Cross-posted at Jezebel.

Way back in September of last year, Baxter sent us this Star Trek promotional poster, which showed the main cast staring straight out at the viewer, with the exception of the one female character, who was turned to the side, glancing sideways at the viewer with her mouth slightly open:

We didn’t get around to posting about it at the time, but I thought of it when I saw the image from the Hulu site for the U.S. version of The Office, sent in by Jessica F. Similarly to the Star Trek poster, all of the male characters are looking straight out at the viewer, mouths closed, while the one female character has her head turned to the side, mouth slightly open; in this case, she’s looking at one of the male characters, not the viewer:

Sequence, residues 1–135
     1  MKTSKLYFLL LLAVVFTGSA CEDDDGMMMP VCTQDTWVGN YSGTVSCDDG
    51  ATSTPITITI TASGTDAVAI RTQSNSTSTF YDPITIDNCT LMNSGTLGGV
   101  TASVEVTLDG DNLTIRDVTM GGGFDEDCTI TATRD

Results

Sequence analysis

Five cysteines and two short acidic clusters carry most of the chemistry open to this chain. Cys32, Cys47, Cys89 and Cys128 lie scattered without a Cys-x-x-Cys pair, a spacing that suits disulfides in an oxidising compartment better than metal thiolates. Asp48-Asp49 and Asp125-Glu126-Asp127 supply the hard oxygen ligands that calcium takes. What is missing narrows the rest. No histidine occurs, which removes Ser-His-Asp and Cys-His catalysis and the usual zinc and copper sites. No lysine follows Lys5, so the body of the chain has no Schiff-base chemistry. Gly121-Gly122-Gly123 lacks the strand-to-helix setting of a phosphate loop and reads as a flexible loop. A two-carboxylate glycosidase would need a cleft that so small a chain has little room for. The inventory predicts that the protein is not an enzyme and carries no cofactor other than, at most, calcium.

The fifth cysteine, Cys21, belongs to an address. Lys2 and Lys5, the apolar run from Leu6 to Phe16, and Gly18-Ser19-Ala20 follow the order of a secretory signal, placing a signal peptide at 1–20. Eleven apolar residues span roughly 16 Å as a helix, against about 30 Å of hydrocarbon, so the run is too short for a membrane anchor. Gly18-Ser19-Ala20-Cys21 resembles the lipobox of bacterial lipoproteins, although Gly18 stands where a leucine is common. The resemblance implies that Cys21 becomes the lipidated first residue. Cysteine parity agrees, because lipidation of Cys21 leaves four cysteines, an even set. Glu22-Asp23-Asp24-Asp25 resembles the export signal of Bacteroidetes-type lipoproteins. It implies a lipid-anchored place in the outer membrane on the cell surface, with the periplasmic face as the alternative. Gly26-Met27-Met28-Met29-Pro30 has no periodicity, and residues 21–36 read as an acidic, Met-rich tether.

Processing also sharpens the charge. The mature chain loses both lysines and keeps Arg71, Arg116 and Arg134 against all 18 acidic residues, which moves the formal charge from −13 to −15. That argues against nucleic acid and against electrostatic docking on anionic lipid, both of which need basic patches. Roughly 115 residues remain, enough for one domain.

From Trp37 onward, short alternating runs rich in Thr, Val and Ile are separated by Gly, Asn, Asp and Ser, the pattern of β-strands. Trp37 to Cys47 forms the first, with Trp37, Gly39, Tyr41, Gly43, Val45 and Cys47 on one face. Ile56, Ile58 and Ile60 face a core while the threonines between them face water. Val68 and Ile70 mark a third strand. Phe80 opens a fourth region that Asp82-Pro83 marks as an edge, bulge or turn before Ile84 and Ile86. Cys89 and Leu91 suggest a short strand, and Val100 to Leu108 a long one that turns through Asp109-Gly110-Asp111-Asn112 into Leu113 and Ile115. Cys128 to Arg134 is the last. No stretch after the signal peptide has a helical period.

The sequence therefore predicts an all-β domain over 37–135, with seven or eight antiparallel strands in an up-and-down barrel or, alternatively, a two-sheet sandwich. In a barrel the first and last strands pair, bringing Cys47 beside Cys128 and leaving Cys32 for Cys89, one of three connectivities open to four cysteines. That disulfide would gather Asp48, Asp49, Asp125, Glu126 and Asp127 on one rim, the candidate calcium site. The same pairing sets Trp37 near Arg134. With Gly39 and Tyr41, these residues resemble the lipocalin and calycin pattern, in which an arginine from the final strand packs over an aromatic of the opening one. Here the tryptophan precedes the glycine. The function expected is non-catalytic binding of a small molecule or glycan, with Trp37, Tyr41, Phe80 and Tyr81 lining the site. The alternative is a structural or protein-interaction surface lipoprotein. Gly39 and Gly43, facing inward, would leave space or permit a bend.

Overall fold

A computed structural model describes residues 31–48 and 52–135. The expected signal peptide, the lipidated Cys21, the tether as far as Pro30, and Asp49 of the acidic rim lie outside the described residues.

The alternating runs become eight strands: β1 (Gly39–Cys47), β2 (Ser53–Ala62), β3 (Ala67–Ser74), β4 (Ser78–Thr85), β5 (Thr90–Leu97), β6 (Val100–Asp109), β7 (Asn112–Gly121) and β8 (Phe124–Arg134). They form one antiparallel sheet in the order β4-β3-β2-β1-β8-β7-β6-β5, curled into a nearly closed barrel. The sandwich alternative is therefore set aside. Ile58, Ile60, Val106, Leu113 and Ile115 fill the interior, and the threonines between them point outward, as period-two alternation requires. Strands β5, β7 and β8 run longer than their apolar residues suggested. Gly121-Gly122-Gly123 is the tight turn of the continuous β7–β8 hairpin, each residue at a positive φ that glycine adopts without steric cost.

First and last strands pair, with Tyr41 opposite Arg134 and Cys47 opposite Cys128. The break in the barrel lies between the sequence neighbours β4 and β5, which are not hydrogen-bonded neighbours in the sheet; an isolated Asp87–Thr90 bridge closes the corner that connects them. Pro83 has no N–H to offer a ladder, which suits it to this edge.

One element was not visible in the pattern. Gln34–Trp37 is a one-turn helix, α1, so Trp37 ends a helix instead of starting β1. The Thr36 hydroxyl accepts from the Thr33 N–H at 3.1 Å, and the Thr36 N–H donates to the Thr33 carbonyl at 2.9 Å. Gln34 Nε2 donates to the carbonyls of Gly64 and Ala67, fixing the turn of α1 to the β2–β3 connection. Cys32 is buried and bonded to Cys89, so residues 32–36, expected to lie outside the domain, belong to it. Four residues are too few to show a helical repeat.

In both these posters, the men meet the viewer head-on, if you will.  Their bodies are aimed straight at the viewer, they make eye contact, and that contact is confident. In contrast, the women avert themselves.  Their body language is less self-assured.  The woman in the Star Trek poster is alluring, a passive sexiness; the woman in the Office poster is referential, using her eyes to draw attention to the show’s star.

After initially posting those, I asked for more examples and readers sent them in. Jessica T. pointed out this banner ad for Thor:

She also found an ad for the TV show Bones, which has the women smiling at the camera much more openly (well, except for Bones):

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